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the mobility of the assets of enterprises, firms, or banks in capitalist countries, ensuring the genuine ability (capability) to pay off within a given period all liabilities and lawful monetary claims.
The degree of liquidity is defined as the ratio between the ready money and quickly salable assets of an enterprise, firm, or bank and the sum of its short-term liabilities. Quickly salable (liquid) assets include government securities, the stocks and bonds of large corporations (which can always be sold on the stock exchange), fixed-term promissory notes of respectable firms (which are accepted without difficulty for discounting and rediscounting by banks), and gold and other precious metals. Also included in calculations of liquidity is assured debtor liability, that is, accounts receivable and the like that can be repayed on first request or within a brief period. Easily salable material-commodity resources are also considered among the liquid assets of industrial and commercial enterprises. The higher the percentage of assets that can be rapidly converted into ready cash, the greater the liquidity of an enterprise, firm, or bank.
The liquidity of commercial banks—the uninterrupted payment of depositor claims—is of particular importance in the capitalist economic system. In order to assure such liquidity, legislation on banking usually establishes the level of cash reserves that commercial banks must maintain in a central bank; the level is determined as a percentage of the total current assets and term deposits and is referred to as a minimum bank reserve.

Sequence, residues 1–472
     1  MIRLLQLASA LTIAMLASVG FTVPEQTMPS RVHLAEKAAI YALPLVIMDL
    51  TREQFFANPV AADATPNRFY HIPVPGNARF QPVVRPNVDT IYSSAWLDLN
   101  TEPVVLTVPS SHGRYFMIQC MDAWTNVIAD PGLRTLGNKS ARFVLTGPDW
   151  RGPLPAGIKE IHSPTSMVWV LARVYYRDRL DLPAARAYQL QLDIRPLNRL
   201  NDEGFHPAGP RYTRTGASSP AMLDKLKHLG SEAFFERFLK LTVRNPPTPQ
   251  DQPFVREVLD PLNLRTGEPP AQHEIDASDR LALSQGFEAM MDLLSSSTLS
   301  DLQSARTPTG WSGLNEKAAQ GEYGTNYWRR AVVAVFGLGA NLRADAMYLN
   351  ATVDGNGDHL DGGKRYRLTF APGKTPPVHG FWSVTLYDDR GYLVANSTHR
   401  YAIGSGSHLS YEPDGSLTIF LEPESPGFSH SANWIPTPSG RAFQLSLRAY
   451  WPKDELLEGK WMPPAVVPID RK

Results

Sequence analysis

Business fluctuations and, in particular, economic crises lower the liquidity of enterprises, firms, and banks and lead to many bankruptcies. Under the conditions of the general crisis of capitalism, the liquidity of less powerful banks is declining; they are being absorbed by larger banks, which in turn merge into giant banks.
A specific form of liquidity is international liquidity, defined as the ratio between the gold currency reserves of governments and central banks of the capitalist countries and the sum of their foreign payments that must be guaranteed by these reserves. After World War II this ratio declined, leading to a sharp aggravation of the problem of international liquidity. Circulation related to foreign trade expanded considerably, in terms of physical volume and especially in terms of value. This expansion was a result of general inflation and the rise of prices, combined with an uneven distribution of gold-currency reserves and the relatively stable level of the overall total of these reserves. (This stability is due in part to the depressed price of gold, which was artificially maintained by the USA: prior to December 1971 the price of gold was $35 per troy ounce, after which it rose to $38 and then, in February 1973, to $42.20.)
M. G. POLIAKOV